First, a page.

8am this morning it was pissing it down. Yesterday it never stopped. Not for a minute did I think I would. Dunno if I was the slugger or the ball.

I’d take either. Rain is forecast for next week. Bring in on. I’m ready to ride.

*and hats. For those of us managing climate emergencies and follicle sparseness. Also one riders’ skimpy is another’s extensive therapy session.

**We are so fucked. So  great to see a debate on whether to extend the ULEZ in London  is a vote winner.

***“The M6 at Stoke is blocked. Would you like to re-route via Hull?’. I wish I was making this up.

**** That’s me. Not my heart. Not keen on that stopping.

*****This is the Forest tho. So could have gone either way.

Return of the bling.

I always thought the RipMo was a classy bike. Especially when compared to my Giga which is essentially a carbon wrapped shaven headed bouncer, or the BFEmax rocking the more classic than classy vibe. In 2018 I bought about the first one off the boat because it looked just right. Then kept it for four years / 4000km* / for riding all over the UK and Europe.

Feb 2020, Malaga.

Then, during an extended field trip to the land of the stupid, I serially ruined it, replaced it and sold it. Because I was a desperate dreamer chasing the next big thing. Last month I bought another one. Because I woke up and smelled the reality.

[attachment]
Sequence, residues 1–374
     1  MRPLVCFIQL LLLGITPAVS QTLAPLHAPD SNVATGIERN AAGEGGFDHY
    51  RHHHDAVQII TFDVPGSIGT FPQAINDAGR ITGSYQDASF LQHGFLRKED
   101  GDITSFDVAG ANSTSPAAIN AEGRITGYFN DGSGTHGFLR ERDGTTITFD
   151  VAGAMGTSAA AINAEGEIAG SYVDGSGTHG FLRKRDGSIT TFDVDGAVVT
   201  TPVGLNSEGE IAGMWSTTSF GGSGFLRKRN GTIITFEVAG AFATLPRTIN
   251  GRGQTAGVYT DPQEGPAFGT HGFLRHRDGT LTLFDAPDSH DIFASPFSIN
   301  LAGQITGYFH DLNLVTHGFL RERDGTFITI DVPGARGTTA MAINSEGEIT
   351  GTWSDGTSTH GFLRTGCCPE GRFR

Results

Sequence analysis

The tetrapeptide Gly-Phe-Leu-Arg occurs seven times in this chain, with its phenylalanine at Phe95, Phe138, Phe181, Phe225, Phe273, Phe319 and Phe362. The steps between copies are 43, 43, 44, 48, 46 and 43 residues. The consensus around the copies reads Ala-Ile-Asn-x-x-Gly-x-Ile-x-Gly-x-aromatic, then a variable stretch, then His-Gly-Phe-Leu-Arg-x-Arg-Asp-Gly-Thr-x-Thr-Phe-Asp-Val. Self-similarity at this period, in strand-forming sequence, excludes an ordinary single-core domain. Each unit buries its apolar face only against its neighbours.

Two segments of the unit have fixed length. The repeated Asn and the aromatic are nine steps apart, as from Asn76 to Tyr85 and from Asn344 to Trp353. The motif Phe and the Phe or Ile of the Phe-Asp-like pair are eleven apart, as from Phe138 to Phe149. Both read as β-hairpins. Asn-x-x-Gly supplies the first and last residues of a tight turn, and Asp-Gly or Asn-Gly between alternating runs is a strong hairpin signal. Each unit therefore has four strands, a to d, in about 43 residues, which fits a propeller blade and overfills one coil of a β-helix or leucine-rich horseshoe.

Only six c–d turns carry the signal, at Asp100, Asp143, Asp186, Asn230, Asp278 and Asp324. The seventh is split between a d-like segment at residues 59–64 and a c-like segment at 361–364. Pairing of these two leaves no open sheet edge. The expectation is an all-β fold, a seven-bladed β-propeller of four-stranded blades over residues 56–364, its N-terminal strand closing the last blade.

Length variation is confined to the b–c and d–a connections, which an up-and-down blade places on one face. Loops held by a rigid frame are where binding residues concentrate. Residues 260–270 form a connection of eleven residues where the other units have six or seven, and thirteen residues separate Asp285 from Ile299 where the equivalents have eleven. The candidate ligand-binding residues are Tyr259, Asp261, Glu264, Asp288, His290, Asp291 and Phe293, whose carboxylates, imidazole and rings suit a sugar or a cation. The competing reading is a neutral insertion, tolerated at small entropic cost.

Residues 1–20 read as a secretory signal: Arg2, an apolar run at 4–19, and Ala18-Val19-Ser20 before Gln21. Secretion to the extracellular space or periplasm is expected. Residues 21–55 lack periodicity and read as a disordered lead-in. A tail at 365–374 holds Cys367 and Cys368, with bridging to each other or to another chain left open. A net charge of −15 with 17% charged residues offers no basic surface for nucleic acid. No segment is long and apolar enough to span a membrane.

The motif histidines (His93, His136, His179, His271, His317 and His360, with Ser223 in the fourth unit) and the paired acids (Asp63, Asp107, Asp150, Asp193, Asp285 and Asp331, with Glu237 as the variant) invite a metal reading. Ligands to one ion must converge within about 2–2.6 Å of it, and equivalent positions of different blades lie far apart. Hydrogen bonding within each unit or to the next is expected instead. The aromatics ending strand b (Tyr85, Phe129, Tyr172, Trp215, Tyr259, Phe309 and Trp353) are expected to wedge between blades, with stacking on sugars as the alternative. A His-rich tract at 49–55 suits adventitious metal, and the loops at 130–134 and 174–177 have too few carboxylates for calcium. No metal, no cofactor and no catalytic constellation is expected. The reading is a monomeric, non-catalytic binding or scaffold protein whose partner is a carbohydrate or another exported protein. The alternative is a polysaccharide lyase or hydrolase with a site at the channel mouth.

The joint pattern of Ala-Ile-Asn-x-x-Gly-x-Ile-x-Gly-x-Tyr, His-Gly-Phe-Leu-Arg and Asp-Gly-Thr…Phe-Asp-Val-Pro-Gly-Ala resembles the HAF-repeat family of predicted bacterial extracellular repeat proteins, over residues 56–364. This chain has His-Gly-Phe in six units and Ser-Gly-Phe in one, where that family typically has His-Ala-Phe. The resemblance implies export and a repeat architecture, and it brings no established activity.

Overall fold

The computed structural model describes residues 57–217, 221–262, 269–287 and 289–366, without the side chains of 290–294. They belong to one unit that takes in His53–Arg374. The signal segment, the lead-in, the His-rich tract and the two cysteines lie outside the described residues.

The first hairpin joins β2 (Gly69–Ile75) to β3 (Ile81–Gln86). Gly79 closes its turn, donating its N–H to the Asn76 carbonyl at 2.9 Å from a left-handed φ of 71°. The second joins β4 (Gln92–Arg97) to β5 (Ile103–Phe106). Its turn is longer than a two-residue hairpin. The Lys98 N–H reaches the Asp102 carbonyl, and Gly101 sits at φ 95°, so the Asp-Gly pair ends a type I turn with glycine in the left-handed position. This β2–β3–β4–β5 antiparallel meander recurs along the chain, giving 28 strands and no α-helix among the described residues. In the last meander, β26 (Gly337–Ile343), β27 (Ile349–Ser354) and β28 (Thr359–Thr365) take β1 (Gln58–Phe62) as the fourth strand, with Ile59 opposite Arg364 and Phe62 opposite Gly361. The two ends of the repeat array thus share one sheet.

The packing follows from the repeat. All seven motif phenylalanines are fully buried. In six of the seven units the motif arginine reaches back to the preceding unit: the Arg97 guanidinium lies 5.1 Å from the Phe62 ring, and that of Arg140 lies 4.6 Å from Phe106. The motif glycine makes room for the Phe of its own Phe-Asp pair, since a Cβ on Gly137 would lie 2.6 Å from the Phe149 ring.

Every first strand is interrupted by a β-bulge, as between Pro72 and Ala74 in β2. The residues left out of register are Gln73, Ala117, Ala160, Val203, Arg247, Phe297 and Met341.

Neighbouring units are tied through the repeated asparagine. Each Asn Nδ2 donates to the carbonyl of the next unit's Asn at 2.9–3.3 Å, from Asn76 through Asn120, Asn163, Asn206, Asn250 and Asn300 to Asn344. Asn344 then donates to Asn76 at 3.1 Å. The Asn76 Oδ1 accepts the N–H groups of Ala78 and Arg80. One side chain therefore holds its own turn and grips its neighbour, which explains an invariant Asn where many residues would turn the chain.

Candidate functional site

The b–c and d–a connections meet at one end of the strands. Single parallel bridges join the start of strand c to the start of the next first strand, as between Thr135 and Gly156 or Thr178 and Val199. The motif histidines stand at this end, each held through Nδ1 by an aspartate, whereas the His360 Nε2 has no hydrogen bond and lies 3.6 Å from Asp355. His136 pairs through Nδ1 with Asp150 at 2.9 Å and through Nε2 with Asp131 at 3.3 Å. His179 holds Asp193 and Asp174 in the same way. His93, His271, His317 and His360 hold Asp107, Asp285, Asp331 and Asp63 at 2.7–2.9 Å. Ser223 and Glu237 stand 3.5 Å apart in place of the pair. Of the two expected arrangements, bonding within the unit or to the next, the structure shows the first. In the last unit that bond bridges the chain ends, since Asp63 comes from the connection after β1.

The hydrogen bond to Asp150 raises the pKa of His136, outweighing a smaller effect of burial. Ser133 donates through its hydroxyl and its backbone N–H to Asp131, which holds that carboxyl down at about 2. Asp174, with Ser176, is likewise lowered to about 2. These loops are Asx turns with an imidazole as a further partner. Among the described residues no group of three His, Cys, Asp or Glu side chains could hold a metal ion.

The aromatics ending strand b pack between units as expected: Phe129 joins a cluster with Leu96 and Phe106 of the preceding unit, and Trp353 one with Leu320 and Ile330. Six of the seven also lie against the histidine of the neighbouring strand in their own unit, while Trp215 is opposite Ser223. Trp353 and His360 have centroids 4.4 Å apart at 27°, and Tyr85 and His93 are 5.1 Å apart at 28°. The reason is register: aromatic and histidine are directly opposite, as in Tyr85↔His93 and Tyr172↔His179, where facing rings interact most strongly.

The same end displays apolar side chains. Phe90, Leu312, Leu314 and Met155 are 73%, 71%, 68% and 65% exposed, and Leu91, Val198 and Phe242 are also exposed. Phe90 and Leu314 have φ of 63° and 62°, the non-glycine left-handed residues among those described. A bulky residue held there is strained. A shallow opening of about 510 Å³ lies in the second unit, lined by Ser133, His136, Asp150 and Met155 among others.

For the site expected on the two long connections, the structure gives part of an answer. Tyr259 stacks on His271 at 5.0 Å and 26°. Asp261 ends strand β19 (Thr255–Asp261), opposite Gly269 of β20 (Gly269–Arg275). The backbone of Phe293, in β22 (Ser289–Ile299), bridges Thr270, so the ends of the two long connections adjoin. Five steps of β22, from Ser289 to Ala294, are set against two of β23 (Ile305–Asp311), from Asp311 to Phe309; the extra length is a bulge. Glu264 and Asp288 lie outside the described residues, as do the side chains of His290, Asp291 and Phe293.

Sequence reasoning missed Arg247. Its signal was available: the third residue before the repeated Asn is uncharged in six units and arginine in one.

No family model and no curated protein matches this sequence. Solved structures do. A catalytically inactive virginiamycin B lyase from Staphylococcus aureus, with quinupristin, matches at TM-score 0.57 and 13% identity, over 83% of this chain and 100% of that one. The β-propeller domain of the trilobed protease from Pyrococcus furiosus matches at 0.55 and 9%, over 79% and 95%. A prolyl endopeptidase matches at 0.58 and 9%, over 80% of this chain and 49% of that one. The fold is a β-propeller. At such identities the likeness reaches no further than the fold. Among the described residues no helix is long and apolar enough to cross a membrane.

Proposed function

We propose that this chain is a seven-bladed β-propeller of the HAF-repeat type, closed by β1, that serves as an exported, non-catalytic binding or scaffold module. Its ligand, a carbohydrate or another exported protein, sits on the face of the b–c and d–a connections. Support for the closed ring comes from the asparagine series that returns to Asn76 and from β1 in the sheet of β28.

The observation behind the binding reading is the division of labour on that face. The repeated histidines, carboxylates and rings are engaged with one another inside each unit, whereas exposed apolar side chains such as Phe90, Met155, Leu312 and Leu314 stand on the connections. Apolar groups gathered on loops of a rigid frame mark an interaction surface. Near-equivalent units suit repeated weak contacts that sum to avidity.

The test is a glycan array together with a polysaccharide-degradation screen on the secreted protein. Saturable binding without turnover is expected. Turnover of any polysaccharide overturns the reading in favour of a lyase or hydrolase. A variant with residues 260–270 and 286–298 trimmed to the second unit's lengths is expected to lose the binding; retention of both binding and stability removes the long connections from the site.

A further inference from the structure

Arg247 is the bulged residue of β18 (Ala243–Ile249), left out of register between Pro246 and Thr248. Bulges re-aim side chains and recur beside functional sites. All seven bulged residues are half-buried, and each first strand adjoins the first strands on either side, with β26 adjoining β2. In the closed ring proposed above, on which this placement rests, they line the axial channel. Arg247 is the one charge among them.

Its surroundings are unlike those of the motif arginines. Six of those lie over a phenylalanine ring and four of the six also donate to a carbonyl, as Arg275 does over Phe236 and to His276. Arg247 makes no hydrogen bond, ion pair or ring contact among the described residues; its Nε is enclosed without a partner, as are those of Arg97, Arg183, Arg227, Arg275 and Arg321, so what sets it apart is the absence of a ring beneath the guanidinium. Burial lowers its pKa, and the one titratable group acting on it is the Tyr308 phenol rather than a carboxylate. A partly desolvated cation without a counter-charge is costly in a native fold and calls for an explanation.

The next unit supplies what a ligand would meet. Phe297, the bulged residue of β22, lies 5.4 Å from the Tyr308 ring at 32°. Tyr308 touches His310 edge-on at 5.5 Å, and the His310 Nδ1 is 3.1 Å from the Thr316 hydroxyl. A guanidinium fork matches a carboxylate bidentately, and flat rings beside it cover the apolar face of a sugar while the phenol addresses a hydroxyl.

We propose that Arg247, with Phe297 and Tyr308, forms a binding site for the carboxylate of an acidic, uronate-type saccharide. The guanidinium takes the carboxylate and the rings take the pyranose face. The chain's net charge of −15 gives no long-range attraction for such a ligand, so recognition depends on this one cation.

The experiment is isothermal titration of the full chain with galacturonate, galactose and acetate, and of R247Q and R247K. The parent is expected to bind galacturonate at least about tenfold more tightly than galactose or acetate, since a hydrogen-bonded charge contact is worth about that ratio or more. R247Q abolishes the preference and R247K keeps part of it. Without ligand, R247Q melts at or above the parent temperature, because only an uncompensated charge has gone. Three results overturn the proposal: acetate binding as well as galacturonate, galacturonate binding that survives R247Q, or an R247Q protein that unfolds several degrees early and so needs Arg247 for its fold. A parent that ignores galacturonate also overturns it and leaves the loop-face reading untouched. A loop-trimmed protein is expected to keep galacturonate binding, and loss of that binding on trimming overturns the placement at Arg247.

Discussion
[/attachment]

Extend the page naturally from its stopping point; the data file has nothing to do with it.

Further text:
The elephant in the shed is the Rascal. One of many ‘middle-bear’ bikes slotting neatly between the thuggary of the Nukeproof and the single sprung Cotic. A March to October bike nailing the gap between too big for big days out and too hard for aging joints. It’s a tough gig – many have come, few have stayed long. The Rascal lasted nearly two years, but that elephant had long learned to write on the wall before then.

Sidebar here: I am acutely aware whinging over a shed full of brilliant bikes is entitled stupidly at best. It’s easy to justify two**, whereas a totality of ridable steeds > number of available legs inevitably leads to a ‘shed queen‘. A role the Rascal was increasingly taking even when conditions / routes were perfect for a lightweight 140mm/130mm trail bike.

Instead I rode the slacker bikes with the steeper seat angles. And I had more fun because confidence is a big part of spiking the dopamine gland. Then I rode the Rascals’ big brother and got smacked with the memory that 160mm trail bikes are a victimless crime. Sure they’re a bit heavier, but you’re pitching that to a bloke well used to hoiking a 37lb Enduro Weapon on 60km rides.

Rascal’s big brother. Lovely bike, too much money